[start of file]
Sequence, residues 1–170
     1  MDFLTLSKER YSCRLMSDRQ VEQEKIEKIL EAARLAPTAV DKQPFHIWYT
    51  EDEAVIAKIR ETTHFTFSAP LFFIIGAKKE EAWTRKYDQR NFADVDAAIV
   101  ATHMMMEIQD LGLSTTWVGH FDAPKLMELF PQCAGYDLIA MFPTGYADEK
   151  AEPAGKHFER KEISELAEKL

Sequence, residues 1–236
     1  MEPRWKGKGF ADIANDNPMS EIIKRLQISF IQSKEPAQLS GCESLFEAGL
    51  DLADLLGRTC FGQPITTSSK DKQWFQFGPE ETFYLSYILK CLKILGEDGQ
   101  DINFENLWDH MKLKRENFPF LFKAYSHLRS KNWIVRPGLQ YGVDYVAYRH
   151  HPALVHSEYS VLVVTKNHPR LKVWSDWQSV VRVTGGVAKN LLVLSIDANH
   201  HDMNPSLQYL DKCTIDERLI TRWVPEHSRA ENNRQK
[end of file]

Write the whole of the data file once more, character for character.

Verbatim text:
Sequence, residues 1–170
     1  MDFLTLSKER YSCRLMSDRQ VEQEKIEKIL EAARLAPTAV DKQPFHIWYT
    51  EDEAVIAKIR ETTHFTFSAP LFFIIGAKKE EAWTRKYDQR NFADVDAAIV
   101  ATHMMMEIQD LGLSTTWVGH FDAPKLMELF PQCAGYDLIA MFPTGYADEK
   151  AEPAGKHFER KEISELAEKL

Sequence, residues 1–236
     1  MEPRWKGKGF ADIANDNPMS EIIKRLQISF IQSKEPAQLS GCESLFEAGL
    51  DLADLLGRTC FGQPITTSSK DKQWFQFGPE ETFYLSYILK CLKILGEDGQ
   101  DINFENLWDH MKLKRENFPF LFKAYSHLRS KNWIVRPGLQ YGVDYVAYRH
   151  HPALVHSEYS VLVVTKNHPR LKVWSDWQSV VRVTGGVAKN LLVLSIDANH
   201  HDMNPSLQYL DKCTIDERLI TRWVPEHSRA ENNRQK